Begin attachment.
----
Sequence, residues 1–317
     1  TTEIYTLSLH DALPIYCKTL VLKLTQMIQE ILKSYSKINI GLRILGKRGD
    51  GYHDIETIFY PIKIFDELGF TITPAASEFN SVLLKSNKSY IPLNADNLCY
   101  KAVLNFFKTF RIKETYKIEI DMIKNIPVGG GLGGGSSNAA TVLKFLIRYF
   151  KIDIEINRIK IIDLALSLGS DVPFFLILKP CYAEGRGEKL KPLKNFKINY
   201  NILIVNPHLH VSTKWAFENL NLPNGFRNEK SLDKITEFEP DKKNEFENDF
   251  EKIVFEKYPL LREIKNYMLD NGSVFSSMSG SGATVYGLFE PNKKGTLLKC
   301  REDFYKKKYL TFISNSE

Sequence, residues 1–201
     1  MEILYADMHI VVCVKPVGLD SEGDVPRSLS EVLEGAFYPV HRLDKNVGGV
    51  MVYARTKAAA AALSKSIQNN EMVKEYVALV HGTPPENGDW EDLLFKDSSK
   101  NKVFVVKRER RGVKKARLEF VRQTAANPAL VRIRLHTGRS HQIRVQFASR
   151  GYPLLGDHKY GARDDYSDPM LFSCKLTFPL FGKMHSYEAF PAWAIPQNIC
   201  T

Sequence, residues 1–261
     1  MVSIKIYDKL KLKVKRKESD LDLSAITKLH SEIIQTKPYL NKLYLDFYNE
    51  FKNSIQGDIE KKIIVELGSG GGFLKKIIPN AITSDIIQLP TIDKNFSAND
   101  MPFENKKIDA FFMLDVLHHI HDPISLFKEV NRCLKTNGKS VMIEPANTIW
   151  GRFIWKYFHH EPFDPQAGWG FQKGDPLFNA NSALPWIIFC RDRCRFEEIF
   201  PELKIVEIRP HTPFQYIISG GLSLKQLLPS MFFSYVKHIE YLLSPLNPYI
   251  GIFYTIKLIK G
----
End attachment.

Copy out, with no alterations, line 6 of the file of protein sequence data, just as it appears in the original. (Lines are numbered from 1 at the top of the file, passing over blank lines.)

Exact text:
   201  NILIVNPHLH VSTKWAFENL NLPNGFRNEK SLDKITEFEP DKKNEFENDF